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Is it appropriate for a junior employee to request business cards prior to attending a conference? Is there some "industry standard" level or title that justifies business cards?

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This really shouldn't have anything to do with how "junior" the employee is or this person's pecking order in the organizational hierarchy.

Instead, the question that needs to be asked is: Does this person actually need business cards? For a junior employee who doesn't meet with clients, who doesn't meet with vendors, and whose job role doesn't typically involve leaving the confines of the office, having a business card may not be a good investment in time and/or money, since there is no need.

However, if the person is attending a conference, this presents a huge opportunity to do some networking with potential clients and potential vendors. This junior employee may meet a potentially valuable client, someone who is interested in the services that the junior employee's employer provides. In this case, it would be in the company's best interests to provide the employee with the tools he or she needs to represent the business and provide a good first impression.

It would seem awkward if the junior employee says to his contact, "Hold on! I'll get my boss's business card. Don't leave!", as he runs to find his boss and retrieve her business card.

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    I was typing as you answered, so I stopped and upvoted yours -- was going to say pretty much the same thing! With a caveat that at the end of the day the answer really depends on your own company's policies (if they even have one), it is not inappropriate for an employee of any level to request business cards if they are going to be representing the company in some way at an external event. – jcmeloni Aug 4 '12 at 21:56
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    Business cards are so cheap that it would seem crazy to waste time even talking about it. An employee going to a conference needs cards, period. – Jim In Texas Aug 6 '12 at 16:05
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If you want business cards, just ask, whether you're going to a conference or not. (I like having them just to give to friends and family, or even to use as bookmarks.) They don't cost much, and the worst your employer can do is say no.

(Well, that's not the worst they can do, but if there are negative consequences for just asking for business cards, you've got other problems.)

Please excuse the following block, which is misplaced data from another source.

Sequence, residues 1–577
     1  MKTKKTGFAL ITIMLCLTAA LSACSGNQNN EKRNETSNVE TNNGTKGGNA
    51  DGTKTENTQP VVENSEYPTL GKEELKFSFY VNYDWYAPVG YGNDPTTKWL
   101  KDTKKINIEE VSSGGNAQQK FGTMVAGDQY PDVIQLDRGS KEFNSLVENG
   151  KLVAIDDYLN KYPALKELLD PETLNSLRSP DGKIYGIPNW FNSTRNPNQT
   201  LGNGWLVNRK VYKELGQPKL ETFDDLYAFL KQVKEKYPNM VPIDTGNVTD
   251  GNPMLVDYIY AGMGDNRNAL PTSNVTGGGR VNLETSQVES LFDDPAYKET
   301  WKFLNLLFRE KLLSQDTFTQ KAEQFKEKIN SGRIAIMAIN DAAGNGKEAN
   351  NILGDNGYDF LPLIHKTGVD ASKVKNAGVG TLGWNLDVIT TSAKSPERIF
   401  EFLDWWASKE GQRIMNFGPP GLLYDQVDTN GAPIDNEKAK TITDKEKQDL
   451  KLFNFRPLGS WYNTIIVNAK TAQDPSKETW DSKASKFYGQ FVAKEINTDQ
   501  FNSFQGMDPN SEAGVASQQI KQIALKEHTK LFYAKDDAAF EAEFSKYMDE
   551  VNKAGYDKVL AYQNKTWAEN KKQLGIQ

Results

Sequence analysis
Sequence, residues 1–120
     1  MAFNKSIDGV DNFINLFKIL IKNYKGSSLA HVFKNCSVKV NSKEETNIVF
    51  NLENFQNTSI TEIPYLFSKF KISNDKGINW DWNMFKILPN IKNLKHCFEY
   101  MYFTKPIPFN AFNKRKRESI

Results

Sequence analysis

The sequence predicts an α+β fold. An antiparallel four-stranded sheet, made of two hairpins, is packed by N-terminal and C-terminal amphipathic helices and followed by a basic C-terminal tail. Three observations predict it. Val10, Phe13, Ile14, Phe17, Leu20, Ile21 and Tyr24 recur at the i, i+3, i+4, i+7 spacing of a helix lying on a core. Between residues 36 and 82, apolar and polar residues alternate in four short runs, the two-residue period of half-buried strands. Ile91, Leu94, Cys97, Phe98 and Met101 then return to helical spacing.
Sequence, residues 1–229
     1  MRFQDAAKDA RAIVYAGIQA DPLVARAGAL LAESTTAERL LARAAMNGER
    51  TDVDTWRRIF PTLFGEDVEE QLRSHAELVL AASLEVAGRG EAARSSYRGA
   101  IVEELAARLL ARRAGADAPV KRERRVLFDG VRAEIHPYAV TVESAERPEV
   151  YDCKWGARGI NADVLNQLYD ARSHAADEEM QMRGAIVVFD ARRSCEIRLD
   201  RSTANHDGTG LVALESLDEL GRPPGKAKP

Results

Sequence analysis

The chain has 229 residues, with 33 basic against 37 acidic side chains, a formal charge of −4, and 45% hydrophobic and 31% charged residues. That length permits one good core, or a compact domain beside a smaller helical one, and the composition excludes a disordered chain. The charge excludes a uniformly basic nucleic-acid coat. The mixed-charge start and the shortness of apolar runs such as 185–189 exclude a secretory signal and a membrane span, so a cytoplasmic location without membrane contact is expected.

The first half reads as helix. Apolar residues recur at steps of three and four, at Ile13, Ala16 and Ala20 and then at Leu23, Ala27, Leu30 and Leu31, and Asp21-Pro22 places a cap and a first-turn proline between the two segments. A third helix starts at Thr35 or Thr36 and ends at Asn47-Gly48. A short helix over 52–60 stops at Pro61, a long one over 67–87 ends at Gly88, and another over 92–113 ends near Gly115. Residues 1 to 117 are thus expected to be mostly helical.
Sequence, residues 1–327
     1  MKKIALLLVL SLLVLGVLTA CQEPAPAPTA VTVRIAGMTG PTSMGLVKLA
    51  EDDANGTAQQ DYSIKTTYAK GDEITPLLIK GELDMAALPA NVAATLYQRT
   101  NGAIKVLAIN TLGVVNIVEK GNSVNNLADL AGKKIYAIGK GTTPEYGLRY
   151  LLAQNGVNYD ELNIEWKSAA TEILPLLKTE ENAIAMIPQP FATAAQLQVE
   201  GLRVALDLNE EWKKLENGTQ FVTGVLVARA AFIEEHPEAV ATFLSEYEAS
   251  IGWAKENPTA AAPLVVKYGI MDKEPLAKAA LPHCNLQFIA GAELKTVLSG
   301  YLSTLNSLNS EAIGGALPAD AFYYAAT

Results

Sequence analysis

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    There is no business value using business cards as bookmarks or just to give to friends and family. If you happen to have some, great, hand some out, but these aren't valid reasons to submit to an employer. – jmort253 Aug 5 '12 at 4:49
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    @jmort253: From the employee's point of view, business cards are nice to have (at least I think so). If an employer is willing to provide them just for that reason, as a trivial fringe benefit that might even have some business value in the future, I don't see a problem. On the other hand, if the employer has a stated policy that business cards are provided only for specific business-related reasons, I probably wouldn't bother to ask. And the question was whether the employee should ask, not whether the employer should say yes. – Keith Thompson Aug 5 '12 at 5:50
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    There is no need for the OP to fret about asking for business cards. You never know when a card might be useful to have even if there is no immediate need at the moment. From the employer perspective, however, there are consequences for denying a request for business cards. It might be seen as an insult or a de-valuation. – Angelo Aug 5 '12 at 15:00
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    Since it's possible for the business to provide minimal numbers of cards (twice I was given only about a dozen cards) and the cost of a standard box of 250 can be as little as $12, I can't imagine a company completely denying an employee cards. I created business cards for myself on Vistaprint (I'm a historian when I'm not developing software) with a logo and photo on the back for that minimal charge. In my current position, they gave me 100 instead of 250 and I think that will be just fine. – David Navarre Aug 6 '12 at 15:59
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    Love the answer (especially the "... you've got bigger problems"! :) ), one possible addition - the person to ask is your boss, not the admin. And give a double check on format. Especially for junior employees, there may well be a very formal format for them so that they look consistent and no one gets terrifyingly creative. – bethlakshmi Aug 7 '12 at 13:00

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